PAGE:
Estate & Trust Administration
When a person passes away, it may be necessary to commence an estate proceeding in the Surrogate’s Court. An estate administration is broken up into several proceedings. Before any other proceedings can be made, someone has to be appointed the fiduciary of the estate, either as an executor if there is a Will or as an administrator if there is no Will. Once appointed, the fiduciary must marshal the assets of the estate and then account to the beneficiaries. This means selling assets as quickly as possible near the market value at the time of death or converting the assets into safe and secure investments to protect from the loss of principal. Further, the fiduciary is responsible for the filing of all necessary tax returns, which includes the final income tax return of the decedent, any Federal or State estate tax returns if the estate exceeds certain asset levels, as well as annual income tax returns for an estate which has income. Finally, the fiduciary will account to the distributees of the estate. There may be other proceedings a fiduciary has to participate in or bring. Some will fall under the control of the Surrogate’s Court, like guardianship proceedings, kinship proceedings and ancillary probate or administration proceedings when the decedent owned property or resided outside New York State. Others will be under the domain of other courts where the fiduciary may have to bring an action on behalf of or defend actions brought against the estate. These can include wrongful death actions in the Supreme Court of New York, personal injury lawsuit, breach of contract, and eviction or ejection actions.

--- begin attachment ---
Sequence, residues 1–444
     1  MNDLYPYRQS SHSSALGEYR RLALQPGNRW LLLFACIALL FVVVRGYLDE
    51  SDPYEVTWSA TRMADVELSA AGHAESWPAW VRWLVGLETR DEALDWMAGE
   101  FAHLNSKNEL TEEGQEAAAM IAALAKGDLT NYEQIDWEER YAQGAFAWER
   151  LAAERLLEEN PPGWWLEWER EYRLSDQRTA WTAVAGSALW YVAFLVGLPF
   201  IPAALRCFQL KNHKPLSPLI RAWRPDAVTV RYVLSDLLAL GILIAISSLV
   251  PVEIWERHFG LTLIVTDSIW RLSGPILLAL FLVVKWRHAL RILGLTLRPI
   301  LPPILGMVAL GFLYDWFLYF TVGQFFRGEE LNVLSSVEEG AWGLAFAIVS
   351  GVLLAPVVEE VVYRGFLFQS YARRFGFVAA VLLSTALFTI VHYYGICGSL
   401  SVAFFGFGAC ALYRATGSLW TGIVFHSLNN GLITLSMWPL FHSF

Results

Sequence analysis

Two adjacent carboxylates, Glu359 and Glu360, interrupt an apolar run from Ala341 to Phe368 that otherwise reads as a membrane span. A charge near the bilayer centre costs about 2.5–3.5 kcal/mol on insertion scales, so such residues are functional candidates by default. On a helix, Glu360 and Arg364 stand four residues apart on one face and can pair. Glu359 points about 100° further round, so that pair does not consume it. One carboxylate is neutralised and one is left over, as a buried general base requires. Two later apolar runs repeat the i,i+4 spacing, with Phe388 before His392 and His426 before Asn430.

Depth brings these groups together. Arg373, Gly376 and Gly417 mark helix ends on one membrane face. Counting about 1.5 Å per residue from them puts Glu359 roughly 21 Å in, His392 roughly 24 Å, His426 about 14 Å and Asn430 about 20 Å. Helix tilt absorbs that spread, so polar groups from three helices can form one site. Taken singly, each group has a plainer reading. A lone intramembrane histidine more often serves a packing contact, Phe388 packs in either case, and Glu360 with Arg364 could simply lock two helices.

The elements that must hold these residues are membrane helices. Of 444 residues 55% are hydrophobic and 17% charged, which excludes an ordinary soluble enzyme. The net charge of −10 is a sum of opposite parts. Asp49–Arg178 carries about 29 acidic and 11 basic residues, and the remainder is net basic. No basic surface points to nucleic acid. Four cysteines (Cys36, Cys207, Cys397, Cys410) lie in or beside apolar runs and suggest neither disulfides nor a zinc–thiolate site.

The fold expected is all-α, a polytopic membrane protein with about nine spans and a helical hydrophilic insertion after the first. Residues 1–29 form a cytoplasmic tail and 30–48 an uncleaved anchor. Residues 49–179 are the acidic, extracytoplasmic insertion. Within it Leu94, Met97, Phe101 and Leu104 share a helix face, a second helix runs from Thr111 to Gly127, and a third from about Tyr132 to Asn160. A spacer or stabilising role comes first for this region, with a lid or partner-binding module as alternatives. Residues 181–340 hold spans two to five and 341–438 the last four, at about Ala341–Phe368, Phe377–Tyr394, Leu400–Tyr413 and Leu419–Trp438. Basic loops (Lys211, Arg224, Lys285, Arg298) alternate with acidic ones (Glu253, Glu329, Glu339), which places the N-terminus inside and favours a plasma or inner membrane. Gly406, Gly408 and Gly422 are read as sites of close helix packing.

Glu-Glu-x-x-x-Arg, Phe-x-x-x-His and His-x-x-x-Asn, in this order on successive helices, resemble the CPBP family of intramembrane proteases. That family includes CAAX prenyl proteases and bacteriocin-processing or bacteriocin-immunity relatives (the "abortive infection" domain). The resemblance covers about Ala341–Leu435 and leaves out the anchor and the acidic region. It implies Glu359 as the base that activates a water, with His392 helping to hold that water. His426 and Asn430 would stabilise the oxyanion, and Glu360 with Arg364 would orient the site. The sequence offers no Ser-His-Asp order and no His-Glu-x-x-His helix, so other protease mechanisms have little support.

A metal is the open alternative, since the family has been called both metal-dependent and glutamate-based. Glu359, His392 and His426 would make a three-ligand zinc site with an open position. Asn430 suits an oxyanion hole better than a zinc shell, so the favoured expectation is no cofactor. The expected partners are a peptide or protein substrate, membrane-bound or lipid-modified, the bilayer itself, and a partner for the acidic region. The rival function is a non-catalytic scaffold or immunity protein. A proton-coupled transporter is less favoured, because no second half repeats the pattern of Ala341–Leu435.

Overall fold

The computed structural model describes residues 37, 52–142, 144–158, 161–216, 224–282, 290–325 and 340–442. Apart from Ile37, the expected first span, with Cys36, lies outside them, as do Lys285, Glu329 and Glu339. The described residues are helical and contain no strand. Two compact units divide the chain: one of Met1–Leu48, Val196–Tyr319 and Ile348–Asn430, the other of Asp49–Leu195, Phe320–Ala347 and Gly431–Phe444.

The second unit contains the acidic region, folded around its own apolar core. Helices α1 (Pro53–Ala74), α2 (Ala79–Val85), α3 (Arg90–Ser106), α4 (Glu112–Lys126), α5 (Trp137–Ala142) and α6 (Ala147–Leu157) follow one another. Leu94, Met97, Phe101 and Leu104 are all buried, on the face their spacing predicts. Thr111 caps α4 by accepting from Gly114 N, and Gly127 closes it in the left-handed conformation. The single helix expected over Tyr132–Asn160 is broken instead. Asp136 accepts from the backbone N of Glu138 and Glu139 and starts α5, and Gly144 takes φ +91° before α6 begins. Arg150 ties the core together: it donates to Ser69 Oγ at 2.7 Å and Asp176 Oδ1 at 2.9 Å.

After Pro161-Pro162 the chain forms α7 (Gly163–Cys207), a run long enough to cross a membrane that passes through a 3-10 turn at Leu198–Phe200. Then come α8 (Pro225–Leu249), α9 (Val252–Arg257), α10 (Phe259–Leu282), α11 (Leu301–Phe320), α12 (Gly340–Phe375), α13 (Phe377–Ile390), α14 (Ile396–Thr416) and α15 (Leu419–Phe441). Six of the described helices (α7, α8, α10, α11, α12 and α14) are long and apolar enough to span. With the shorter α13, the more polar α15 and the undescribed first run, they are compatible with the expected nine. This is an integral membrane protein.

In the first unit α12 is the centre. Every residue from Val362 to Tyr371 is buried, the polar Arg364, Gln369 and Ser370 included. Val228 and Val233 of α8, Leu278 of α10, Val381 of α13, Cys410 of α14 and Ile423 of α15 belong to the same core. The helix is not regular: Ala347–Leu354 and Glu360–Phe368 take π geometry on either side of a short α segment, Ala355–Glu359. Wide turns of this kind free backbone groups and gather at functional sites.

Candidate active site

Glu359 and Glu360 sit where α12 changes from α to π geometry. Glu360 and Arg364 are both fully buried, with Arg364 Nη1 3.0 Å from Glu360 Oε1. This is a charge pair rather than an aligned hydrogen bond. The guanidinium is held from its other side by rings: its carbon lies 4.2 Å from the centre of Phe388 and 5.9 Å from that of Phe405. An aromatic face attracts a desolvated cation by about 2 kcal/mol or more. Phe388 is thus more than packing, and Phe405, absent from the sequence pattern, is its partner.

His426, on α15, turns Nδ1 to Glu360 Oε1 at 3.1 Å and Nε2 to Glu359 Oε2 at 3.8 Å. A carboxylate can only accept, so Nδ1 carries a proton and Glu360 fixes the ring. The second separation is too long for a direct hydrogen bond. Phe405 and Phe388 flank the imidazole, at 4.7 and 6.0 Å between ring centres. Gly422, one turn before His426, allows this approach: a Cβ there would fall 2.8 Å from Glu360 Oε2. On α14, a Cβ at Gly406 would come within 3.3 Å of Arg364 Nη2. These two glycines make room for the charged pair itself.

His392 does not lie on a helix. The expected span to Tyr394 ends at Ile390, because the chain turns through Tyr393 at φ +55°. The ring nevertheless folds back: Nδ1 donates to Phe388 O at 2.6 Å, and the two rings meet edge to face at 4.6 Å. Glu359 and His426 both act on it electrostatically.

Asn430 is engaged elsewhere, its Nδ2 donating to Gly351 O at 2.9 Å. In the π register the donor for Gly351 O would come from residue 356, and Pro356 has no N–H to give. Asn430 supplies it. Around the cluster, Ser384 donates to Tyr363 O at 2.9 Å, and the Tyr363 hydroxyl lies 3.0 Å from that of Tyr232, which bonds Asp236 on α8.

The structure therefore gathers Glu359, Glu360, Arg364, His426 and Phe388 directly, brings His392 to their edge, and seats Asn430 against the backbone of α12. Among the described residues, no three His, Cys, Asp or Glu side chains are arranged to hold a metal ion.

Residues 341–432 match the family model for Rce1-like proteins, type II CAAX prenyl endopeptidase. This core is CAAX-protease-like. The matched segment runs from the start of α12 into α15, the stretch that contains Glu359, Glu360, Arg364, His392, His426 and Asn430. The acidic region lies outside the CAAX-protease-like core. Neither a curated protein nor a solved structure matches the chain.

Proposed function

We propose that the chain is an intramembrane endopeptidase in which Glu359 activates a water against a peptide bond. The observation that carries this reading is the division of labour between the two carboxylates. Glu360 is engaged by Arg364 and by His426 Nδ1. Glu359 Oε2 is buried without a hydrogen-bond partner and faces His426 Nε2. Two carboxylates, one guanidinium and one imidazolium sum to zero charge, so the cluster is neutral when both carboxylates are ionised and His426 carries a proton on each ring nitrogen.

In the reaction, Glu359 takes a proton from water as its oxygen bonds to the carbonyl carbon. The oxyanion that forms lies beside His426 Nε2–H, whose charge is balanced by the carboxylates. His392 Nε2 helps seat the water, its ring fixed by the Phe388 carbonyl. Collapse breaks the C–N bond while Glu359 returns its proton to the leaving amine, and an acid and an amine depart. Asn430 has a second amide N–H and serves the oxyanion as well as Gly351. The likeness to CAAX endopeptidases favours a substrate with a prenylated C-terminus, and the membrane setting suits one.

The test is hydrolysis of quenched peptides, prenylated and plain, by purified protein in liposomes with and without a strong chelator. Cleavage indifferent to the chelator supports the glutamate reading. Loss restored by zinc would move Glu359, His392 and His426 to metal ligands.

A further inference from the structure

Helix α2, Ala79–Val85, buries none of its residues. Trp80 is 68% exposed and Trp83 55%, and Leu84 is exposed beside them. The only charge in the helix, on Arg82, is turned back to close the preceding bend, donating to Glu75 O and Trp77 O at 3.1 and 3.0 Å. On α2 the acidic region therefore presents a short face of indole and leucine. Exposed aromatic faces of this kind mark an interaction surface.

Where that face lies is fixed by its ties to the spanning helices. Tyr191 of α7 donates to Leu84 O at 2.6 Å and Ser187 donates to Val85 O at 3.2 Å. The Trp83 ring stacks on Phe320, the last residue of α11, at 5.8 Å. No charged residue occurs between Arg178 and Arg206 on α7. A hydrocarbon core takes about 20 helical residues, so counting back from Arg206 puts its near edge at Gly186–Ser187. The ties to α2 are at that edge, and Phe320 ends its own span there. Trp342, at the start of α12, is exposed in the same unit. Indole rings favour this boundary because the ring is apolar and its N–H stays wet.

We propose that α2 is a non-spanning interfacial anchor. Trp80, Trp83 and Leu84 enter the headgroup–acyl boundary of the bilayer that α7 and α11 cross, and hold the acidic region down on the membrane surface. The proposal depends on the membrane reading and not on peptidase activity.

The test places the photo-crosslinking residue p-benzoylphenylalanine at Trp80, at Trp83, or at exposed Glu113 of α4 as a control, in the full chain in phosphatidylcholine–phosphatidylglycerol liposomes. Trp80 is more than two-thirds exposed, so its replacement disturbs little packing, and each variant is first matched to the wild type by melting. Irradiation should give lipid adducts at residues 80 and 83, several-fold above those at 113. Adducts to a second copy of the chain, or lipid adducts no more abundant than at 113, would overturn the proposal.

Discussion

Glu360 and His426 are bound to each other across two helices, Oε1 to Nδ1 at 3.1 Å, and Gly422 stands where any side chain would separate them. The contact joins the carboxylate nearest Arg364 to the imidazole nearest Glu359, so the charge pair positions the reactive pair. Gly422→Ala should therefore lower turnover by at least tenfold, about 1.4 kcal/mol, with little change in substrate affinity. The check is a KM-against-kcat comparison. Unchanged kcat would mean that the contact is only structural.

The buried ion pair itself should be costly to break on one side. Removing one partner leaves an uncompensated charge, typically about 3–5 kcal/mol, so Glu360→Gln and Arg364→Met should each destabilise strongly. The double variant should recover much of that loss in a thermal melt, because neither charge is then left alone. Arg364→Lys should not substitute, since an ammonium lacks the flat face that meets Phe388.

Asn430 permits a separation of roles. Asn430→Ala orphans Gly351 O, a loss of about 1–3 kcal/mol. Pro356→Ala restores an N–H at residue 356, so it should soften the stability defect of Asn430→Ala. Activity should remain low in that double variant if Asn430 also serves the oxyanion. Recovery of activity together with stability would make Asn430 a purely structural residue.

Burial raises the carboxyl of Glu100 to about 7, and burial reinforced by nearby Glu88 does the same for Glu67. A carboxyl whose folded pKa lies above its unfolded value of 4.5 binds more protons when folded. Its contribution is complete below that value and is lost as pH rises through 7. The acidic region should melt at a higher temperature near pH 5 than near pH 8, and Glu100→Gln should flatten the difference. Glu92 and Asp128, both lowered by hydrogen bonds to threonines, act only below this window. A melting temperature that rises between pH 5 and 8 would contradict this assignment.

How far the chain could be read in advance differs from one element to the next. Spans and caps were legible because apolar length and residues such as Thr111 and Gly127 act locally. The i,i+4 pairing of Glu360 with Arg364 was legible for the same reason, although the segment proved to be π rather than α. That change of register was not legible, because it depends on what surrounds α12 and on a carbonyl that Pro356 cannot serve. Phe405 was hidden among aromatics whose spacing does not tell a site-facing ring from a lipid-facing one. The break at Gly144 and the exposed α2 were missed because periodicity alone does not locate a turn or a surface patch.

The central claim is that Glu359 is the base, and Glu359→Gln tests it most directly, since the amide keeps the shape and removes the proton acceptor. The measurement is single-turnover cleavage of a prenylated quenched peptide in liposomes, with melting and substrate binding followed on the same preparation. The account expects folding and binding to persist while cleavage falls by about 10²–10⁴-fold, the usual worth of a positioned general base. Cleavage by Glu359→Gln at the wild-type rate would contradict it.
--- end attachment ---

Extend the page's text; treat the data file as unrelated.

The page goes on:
Trust administration is similar to that of estate administration except a trust is established for the long term, whether it is years, decades or centuries. Currently, under New York law, a non-charitable trust must terminate within a specific time period, described as the rule against perpetuity. The goals of a trust may allow greater flexibility in terms of investment, but the trust’s fiduciary, called a Trustee, has many of the same issues as an estate. The Trustee must manage the assets of the trust for the benefit of beneficiaries. As used in an estate plan, a trust may be used to by-pass probate and provide for privacy of the decedent.
Contact the Rothenberg Law Offices, PLLC
If you have recently lost someone, now is the time to contact a law firm to explain and help you handle the complicated process for administrating the estate. At the Rothenberg Law Offices, we have over thirty years of experience helping families settle the estates of loved ones. We will explain the difference between the types of administrations and which applies to your families situation. Sometimes, we can show the family how to avoid probate or administration. Call for a free 30-minute consultation to learn the best direction to approach handling the estate.